The visual cipher
M3 Remixed - MCs, Mics and Metaphors Opening - "Still Here" by Trek Life ft. Silo - remixed by Oddisee
Derrick (Benetez) Bryant creates a tribute to the hip-hop group, Little Brother, in his painting, The Origins of Hip Hop, which is comprised of MCs Phonte and the Rapper Big Pooh. The artwork also features original member, the DJ and producer, 9th Wonder. Like jazz musicians, he creates lively, lyrical and improvisational canvases full of color and movement.
Artoni pays homage to none of S-S-S-Salt N’ Pepa and their deejay. In his painting, Salt & Pepa & Spinderella (Legends of Hip-Hop), Artoni captures three women who have forever changed hip-hop not only as lyricists but also as producers and entrepreneurs.
Nigerian Gangsta, the work of Ayo Okunseinde and Adrian Loving of Dissident Display engages audiences through the use of a visual call and response, in their “Afro-hop” mesh of Jay-Z and Fela Kuti.
Nicole Cohen’s literally remixes herself visually with a unique series of discs from her Vinyl Maps 2011 mixed media installation The work takes us back to the where it all started: the deejay and the turntables. She blends color, texture and form to manipulate both time and space; and uses the elements of design and hip-hop to jump through astral portals of memory, music and narrative.
Damani K. Diop (Reality) weaves a colorful and textural mixed media tribute to X-Clan and KRS-ONE in Verbs of Power. Reality’s use of color and texture is in harmony with the elements of hip-hop that the Zulu Nation speaks of, especially the element of knowledge.
Jabari Hall-Smith’s (Caledon of BLACK LA) of Los Angeles, CA innovative use of animation and hip-hop is based on his own music, in his animated video, Checkman (God Body) a.k.a. Wave The Penalty, Hall-Smith draws upon influences ranging from comic book super-heroes, ancient African and Chinese spirituality, philosophy and wisdom, and figures such as Sun Ra and George Clinton.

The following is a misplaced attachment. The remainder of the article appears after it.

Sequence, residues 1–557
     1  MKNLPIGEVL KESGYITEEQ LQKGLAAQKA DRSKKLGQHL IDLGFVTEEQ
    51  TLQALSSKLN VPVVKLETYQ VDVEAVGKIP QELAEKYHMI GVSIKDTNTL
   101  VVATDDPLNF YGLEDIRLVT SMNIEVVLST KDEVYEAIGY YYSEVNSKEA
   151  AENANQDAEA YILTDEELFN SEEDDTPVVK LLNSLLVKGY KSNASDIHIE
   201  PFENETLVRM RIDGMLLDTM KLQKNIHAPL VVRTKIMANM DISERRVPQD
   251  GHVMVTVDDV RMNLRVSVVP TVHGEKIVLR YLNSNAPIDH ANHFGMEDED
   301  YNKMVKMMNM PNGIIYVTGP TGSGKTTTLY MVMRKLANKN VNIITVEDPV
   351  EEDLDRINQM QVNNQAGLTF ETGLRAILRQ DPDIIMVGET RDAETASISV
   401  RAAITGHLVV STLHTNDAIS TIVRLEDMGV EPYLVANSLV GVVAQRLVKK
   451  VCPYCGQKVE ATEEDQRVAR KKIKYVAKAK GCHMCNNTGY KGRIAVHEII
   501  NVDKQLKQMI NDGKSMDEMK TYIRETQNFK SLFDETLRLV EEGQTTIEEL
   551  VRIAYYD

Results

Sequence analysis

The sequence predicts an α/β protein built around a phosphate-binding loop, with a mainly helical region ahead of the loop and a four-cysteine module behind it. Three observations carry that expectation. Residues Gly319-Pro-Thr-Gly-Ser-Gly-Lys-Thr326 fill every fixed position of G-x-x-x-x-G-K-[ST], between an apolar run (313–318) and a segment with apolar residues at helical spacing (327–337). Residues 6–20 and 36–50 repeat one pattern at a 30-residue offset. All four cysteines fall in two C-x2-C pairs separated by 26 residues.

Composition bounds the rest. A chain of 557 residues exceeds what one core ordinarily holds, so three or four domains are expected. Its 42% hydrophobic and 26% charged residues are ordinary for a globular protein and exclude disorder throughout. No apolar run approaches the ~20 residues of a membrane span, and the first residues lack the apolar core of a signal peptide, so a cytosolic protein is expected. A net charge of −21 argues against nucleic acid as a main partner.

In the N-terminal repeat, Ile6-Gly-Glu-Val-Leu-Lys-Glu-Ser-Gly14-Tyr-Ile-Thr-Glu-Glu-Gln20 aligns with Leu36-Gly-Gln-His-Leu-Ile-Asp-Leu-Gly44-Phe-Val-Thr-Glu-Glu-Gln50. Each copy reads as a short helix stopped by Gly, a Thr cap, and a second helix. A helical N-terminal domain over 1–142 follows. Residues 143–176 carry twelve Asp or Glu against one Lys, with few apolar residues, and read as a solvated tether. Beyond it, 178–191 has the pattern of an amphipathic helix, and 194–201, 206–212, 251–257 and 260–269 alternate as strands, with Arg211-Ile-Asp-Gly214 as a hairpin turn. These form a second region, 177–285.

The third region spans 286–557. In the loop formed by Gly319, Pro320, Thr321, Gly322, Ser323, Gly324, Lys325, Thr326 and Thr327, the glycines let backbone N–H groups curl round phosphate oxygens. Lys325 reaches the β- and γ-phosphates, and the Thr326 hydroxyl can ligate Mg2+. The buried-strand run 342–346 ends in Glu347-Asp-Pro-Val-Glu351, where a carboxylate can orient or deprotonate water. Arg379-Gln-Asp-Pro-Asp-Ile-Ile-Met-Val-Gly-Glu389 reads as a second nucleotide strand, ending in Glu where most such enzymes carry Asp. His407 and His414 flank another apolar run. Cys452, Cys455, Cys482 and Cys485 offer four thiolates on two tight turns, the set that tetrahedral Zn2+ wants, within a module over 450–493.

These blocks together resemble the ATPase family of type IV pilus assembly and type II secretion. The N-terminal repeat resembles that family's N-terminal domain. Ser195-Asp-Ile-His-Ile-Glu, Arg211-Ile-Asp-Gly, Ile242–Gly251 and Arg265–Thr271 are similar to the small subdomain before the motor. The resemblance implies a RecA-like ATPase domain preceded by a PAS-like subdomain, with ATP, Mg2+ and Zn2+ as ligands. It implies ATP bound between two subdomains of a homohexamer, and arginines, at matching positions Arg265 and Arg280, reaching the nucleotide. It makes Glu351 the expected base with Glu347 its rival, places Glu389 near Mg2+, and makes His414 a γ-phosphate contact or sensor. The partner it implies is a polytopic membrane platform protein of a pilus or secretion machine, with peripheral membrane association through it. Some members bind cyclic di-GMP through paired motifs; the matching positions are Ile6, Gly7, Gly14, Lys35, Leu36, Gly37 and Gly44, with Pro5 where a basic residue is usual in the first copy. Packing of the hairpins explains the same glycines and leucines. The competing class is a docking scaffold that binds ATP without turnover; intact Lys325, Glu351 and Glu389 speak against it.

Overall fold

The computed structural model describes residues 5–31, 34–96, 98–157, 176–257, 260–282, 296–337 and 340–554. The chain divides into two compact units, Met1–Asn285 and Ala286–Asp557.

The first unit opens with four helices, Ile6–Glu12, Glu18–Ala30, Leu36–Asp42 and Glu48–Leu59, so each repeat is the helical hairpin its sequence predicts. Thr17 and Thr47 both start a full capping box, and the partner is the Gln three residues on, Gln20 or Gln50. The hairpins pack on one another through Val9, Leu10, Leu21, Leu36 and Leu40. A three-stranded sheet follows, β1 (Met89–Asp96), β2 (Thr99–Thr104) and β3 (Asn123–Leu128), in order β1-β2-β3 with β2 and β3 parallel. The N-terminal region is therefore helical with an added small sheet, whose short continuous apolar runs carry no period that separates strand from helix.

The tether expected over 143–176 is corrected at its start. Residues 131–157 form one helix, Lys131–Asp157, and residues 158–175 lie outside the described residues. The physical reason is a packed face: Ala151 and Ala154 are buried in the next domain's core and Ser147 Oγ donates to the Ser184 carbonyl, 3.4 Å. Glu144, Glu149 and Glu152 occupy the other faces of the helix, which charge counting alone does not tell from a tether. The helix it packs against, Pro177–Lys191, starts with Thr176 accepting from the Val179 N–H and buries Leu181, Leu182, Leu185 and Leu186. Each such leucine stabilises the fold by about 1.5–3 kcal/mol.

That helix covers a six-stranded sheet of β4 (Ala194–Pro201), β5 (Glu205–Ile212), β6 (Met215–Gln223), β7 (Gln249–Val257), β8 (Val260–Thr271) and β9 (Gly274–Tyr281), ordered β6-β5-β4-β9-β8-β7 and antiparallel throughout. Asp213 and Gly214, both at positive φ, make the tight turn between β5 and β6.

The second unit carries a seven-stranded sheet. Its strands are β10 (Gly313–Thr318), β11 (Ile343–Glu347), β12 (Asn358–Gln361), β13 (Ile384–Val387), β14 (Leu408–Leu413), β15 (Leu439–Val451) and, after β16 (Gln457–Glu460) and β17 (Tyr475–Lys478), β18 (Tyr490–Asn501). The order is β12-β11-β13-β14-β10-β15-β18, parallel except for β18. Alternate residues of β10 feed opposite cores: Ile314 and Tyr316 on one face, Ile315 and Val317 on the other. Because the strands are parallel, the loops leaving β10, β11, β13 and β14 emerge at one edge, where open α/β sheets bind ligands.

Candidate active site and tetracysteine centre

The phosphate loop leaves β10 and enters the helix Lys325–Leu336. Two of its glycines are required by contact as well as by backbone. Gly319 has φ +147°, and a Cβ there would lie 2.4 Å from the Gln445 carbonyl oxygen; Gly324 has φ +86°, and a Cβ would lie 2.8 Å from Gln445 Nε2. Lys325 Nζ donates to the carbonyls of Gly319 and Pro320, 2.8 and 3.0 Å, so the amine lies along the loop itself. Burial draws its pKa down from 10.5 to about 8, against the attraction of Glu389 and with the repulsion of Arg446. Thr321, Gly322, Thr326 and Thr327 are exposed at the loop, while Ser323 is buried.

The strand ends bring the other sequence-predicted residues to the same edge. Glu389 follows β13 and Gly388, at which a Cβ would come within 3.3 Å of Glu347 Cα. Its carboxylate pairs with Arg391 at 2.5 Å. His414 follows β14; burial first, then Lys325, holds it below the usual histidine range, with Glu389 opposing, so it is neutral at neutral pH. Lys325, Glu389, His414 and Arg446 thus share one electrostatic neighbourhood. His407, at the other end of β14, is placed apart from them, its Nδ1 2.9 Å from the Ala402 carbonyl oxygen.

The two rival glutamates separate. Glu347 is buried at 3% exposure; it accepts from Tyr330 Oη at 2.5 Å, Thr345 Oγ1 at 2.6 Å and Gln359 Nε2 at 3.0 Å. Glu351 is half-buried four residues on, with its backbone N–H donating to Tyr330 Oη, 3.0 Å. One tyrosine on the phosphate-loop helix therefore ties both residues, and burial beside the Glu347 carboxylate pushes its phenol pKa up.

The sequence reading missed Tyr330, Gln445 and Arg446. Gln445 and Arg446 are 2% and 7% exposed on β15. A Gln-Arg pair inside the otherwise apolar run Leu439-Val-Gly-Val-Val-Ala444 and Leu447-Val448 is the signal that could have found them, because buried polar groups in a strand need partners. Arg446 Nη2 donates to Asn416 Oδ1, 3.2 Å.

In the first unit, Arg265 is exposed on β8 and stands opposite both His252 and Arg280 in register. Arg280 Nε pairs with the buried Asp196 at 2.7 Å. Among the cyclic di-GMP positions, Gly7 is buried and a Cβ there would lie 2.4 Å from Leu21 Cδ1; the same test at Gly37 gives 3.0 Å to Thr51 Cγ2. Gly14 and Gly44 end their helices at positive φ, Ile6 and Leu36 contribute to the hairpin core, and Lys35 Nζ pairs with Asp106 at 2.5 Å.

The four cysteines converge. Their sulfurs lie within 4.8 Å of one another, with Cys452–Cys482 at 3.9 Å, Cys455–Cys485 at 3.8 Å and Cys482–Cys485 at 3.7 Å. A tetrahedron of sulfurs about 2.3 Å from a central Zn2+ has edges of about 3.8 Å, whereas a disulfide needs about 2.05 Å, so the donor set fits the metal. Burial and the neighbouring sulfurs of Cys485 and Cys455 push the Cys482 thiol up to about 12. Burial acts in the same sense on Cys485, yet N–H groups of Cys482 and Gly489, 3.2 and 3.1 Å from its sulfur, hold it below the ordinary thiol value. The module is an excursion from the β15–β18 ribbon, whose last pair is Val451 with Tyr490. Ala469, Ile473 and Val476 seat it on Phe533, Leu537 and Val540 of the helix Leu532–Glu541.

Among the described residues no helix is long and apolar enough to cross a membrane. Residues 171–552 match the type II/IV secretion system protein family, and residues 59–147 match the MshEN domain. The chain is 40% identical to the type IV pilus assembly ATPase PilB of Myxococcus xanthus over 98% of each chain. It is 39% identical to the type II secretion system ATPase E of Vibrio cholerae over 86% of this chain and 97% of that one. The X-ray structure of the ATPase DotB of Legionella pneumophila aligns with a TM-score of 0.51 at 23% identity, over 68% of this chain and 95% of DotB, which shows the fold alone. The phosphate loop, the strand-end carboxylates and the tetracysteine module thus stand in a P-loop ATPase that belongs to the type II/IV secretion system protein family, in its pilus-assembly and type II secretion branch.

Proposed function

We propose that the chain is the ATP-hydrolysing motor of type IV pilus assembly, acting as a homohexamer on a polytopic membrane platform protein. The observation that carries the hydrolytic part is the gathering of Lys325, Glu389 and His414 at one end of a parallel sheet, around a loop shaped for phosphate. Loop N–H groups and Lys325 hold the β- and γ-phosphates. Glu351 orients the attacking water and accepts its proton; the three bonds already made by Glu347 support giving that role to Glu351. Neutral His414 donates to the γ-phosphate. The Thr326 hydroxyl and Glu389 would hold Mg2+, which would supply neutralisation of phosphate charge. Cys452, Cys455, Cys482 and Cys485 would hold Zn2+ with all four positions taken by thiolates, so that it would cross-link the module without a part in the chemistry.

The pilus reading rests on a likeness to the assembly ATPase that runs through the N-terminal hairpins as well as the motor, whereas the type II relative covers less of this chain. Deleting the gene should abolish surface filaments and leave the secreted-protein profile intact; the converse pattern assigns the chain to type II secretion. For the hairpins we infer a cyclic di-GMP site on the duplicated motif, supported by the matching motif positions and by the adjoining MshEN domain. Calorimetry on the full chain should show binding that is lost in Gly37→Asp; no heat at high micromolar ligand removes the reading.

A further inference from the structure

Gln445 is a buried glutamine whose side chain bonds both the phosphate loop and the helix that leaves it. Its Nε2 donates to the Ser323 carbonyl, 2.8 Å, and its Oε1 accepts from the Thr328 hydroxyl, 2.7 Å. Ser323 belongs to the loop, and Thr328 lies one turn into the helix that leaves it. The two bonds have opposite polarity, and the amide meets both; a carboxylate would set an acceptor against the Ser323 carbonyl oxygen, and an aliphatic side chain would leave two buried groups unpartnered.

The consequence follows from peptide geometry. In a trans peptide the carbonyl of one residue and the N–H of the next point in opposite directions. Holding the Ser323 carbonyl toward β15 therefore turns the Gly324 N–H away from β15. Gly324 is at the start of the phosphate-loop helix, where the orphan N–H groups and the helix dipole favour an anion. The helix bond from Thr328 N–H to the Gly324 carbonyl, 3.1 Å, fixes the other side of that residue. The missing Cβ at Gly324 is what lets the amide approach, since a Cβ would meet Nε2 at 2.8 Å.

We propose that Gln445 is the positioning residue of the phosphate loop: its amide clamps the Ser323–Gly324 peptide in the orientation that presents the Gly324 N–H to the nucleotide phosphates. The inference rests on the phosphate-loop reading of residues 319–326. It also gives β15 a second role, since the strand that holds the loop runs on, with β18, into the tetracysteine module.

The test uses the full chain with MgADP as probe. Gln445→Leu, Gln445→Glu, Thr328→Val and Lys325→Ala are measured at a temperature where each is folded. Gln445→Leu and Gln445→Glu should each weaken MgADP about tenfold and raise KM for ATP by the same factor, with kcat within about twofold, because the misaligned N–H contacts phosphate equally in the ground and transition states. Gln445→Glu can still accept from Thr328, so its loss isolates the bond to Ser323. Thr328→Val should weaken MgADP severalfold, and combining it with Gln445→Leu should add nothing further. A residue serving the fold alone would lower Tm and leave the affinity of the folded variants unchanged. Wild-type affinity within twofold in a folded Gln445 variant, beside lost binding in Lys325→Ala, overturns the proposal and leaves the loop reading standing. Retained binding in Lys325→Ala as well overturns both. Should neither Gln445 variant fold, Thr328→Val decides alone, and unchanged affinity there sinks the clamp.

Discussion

Charles Jean-Pierre, uses two works, The Nature of the Beast and Dreams in Color, as a thoughtful and social critiques on the industry of not only hip-hop, but also to the sports industry and more. His layering of imagery and color create sense of urgency and call to action to the viewer.
Jeff Henriquez fuses portrait painting, graffiti and live painting, in his piece, Hyper as a Heart Attack, Nobody Smiling. Henriquez work brings the intense color to the canvas, as he honors Rakim, one of the most influential MCs in hip-hop history.
Ann (Sole Sister) Johnson, uses a unique style of mixed media art to entice the viewer, in her series Sacred Artifacts. Inspired by songs that praise and champion the classic origins and foundation of hip-hop, such as: I Used to Love Her, by Common, and Rising Up by the Roots, Sole Sister has created a series of paper casts depicting hip-hop in Sacred Artifacts. This technique creates an archaic approach that fabricates a visual excavation of historical hip-hop objects representing the word, the style and the art.
Hasaan Kirkland’s work is comprised of colorful manifestations of hip-hop, and the poetry of Gil Scott-Heron. Kirkland also draws heavily upon the surrealism and even references the work of Francisco Goya. In his piece, The Alchemist, Kirkland explores the spirit, intellect and rhythm of hip-hop lyricism and symbolism.
Jati Lindsay provides a black and white series of photographic images, that document live hip-hop events, local and national hip-hop artists that include: Little Brother, Jean Grae and also DC musician Musinah. The M3 1-5 series, demonstrates the experience of being there, and the viewer can almost feel the heat, sweat of each hip-hop performance and the intensity of each portrait.